Marian Coakley (NEM), 81, who describes herself as a "very young 80 year old," was pleasantly surprised with her 3rd, 4th and 5th place finishes usually in a group of eight. This was Marian's first meet in several years because of a couple of hip replacements. Marian goes to the pool every day of the year - but for an hour of power water walking (for rehab), not swimming. She decided to go to the meet because it was close to where she now lives in Florida. "People were really friendly, and I was glad to be a part of it." If all goes well, Marian plans to attend both Spring and Summer USMS Nationals in 2019. It is great to be back "in the swim again."

Harvey Ottinger (NEM-BASS), 61, had just returned to competitive swimming after a 40-year layoff. Harvey swam the 50, 100 and 200 breaststroke, placing 7th in the 50 and 100 and 8th in the 200 while improving on all of his seed times by a good amount. Harvey commented that, "Orlando was great and the venue was very nice. Hotels were abundant and very reasonable. Food was everywhere and fun. Everyone was treated very well, and I made many new friends. Quite honestly, I had a complete blast."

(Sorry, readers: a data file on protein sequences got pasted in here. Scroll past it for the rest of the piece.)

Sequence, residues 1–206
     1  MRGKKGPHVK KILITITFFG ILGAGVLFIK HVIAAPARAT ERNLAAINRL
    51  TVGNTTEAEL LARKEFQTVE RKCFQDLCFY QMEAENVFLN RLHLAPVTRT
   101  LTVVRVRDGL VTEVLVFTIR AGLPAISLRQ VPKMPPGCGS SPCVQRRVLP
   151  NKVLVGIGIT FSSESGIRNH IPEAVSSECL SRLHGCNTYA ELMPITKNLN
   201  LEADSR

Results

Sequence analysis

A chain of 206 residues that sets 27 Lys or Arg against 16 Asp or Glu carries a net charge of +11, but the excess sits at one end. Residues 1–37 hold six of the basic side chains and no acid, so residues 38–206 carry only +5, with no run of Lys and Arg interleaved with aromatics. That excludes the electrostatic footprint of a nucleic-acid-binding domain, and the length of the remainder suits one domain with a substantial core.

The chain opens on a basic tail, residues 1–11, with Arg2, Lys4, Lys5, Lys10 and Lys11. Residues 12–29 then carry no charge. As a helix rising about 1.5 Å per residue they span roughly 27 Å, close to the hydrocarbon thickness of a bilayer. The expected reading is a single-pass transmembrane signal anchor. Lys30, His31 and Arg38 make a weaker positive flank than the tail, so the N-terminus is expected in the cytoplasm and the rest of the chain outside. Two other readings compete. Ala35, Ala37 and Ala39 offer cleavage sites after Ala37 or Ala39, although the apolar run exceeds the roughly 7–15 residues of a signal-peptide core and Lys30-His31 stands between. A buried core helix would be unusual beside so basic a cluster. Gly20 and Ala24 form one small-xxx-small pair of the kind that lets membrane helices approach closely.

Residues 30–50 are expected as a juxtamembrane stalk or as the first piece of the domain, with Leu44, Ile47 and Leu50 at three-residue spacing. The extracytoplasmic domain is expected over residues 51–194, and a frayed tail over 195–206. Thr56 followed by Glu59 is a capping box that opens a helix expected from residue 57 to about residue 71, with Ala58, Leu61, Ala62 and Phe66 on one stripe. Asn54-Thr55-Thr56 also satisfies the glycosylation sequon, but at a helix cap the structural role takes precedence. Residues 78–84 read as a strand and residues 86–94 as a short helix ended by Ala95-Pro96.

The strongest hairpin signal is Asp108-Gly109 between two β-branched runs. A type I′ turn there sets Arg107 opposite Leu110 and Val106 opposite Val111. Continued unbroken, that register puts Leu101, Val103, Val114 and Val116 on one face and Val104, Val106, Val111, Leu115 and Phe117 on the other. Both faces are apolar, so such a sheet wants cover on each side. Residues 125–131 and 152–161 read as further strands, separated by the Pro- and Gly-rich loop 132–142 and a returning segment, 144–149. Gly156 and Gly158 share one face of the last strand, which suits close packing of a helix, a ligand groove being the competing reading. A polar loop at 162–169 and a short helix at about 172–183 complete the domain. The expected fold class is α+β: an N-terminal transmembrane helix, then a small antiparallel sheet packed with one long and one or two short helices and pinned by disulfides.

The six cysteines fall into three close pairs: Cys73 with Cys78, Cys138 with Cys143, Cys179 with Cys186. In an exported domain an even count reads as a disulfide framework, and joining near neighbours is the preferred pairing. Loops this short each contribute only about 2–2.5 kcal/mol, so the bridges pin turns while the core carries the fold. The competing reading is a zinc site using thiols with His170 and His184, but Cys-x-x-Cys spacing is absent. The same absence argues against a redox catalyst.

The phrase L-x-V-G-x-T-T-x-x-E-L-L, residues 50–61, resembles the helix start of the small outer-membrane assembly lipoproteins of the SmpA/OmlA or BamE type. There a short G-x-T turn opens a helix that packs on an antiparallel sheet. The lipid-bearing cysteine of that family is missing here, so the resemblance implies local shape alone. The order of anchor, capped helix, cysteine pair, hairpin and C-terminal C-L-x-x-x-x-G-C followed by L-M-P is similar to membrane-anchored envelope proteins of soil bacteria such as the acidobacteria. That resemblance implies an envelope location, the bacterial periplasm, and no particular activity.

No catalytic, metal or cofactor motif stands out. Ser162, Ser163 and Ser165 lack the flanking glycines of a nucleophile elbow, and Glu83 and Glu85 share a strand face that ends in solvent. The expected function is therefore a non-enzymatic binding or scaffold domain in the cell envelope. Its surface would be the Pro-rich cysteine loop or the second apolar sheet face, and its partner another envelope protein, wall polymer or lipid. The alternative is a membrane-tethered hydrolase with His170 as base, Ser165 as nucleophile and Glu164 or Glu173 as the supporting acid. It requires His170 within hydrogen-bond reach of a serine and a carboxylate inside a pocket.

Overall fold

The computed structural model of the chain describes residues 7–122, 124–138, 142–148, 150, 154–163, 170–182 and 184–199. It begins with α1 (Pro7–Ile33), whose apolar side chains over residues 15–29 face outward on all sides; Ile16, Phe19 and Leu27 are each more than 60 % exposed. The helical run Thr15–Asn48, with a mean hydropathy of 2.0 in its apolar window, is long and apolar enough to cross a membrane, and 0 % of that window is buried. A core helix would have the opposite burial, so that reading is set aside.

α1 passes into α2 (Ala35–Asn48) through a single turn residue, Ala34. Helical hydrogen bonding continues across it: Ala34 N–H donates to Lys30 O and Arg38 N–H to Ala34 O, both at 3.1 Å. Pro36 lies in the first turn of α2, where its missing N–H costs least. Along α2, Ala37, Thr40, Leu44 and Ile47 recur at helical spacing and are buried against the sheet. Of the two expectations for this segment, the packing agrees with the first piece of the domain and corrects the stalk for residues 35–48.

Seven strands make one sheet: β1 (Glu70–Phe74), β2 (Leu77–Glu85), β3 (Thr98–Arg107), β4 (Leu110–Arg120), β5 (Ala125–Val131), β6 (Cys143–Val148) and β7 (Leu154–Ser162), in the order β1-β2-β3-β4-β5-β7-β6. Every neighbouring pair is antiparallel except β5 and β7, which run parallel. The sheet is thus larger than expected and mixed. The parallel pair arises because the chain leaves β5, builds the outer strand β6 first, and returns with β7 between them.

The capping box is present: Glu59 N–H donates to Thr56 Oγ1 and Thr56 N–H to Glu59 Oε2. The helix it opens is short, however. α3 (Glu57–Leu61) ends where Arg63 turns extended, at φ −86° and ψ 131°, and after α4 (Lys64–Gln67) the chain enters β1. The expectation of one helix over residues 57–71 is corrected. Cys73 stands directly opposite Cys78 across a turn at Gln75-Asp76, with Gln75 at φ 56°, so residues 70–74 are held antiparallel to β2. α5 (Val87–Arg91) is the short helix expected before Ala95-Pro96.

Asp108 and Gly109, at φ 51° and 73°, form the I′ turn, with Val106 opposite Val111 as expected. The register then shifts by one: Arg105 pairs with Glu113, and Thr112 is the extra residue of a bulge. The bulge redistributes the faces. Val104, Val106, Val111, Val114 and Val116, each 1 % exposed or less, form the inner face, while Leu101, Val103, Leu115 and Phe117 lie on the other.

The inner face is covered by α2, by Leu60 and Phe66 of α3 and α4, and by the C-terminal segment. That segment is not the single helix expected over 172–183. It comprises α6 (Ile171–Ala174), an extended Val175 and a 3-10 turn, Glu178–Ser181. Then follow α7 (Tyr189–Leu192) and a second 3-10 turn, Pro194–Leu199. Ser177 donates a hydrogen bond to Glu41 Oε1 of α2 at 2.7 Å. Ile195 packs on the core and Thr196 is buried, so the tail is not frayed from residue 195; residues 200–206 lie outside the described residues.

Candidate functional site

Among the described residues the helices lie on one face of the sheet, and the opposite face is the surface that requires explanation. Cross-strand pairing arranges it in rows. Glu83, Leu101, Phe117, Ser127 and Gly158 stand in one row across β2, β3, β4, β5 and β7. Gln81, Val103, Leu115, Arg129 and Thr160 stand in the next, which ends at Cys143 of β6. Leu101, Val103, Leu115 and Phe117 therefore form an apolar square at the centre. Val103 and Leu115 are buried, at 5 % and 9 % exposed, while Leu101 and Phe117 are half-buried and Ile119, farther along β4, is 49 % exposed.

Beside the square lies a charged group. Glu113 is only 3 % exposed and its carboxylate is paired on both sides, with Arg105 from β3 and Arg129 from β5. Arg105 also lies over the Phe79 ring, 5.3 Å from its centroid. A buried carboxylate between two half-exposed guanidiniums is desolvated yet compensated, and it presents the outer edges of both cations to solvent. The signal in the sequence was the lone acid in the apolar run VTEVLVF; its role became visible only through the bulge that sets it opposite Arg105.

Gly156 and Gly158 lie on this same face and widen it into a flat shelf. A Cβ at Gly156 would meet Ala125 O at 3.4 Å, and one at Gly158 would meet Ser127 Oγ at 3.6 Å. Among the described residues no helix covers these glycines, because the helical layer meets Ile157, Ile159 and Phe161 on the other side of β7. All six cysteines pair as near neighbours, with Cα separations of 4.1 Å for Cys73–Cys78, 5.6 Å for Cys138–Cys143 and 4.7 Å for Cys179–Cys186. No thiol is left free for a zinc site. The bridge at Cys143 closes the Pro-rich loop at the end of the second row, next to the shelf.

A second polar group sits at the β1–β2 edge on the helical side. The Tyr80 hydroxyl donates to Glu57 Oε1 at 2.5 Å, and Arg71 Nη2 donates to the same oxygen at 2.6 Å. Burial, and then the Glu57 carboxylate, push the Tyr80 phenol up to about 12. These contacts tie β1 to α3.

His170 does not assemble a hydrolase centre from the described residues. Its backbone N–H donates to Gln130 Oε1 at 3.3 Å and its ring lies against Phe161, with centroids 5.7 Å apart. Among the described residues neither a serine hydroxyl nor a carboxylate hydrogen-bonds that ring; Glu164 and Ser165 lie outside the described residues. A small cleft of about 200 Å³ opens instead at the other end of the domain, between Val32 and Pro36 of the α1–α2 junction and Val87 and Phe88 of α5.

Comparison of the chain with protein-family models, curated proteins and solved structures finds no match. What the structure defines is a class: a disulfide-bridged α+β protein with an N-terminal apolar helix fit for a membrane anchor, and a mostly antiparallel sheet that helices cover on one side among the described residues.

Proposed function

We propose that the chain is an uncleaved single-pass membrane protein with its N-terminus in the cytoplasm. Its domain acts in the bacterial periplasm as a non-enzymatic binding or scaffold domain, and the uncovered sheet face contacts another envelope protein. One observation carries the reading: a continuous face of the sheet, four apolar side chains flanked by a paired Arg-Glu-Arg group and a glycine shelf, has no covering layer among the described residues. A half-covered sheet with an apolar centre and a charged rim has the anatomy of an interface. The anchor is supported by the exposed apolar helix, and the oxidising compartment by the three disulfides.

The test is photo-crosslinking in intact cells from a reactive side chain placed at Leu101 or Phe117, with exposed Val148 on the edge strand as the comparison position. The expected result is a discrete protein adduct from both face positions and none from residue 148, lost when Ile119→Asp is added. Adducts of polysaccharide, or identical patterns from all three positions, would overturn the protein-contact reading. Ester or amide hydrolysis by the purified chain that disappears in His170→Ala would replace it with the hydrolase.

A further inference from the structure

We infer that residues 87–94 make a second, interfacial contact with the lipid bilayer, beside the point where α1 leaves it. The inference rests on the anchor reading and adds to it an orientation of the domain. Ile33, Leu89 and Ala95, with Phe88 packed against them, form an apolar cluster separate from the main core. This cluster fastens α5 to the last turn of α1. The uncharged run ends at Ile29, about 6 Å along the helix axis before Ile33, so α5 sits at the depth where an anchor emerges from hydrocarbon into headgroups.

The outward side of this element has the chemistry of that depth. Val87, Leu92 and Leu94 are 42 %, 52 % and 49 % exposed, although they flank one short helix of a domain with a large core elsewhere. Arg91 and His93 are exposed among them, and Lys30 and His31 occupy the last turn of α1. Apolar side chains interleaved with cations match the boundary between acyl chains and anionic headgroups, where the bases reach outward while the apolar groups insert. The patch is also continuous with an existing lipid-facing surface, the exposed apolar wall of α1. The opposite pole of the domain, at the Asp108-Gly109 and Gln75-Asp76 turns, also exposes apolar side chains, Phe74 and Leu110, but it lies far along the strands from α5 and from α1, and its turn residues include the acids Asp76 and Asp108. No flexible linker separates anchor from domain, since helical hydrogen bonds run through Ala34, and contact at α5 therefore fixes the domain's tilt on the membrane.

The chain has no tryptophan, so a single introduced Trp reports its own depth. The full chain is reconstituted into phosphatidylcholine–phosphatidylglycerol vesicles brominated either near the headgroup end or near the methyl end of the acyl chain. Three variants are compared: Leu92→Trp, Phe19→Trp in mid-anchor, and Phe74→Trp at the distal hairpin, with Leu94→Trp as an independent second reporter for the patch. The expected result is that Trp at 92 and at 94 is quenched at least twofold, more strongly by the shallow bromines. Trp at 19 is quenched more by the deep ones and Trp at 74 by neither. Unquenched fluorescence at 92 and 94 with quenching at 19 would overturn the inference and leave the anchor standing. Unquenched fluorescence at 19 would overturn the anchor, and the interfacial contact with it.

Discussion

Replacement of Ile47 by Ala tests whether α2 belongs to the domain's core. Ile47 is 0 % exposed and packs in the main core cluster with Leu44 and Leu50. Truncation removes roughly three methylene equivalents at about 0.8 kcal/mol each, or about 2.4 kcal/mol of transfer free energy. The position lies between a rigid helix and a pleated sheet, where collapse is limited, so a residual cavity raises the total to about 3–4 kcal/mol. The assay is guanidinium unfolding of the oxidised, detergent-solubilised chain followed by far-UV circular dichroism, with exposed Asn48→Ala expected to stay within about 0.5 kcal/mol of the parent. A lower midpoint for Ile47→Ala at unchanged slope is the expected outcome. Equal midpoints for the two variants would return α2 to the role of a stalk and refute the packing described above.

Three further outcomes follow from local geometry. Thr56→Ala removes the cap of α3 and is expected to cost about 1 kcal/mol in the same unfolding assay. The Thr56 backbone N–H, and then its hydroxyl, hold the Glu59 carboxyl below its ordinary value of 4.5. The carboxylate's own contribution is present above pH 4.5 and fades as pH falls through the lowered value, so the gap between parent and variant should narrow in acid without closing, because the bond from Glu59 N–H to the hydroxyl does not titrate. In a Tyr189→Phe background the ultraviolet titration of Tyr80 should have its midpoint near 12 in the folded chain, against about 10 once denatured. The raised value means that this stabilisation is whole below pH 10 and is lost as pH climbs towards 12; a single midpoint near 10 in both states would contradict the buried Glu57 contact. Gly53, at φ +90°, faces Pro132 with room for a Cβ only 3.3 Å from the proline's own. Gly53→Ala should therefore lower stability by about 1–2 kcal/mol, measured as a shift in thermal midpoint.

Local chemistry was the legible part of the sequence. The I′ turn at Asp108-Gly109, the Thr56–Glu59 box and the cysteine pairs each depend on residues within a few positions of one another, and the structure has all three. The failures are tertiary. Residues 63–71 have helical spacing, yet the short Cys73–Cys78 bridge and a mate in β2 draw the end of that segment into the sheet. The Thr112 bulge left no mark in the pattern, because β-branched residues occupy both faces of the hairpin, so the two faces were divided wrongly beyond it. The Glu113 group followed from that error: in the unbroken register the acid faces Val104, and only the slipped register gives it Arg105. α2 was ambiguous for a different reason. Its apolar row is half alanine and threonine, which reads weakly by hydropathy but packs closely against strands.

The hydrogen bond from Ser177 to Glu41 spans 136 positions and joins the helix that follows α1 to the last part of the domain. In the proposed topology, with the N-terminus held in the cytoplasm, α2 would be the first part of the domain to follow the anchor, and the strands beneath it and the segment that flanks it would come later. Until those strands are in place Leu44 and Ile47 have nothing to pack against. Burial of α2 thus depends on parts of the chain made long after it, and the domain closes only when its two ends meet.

Crusco, Mareb, and Estel sporting some serious hardware!

Crusco, Mareb, and Estel sporting some serious hardware!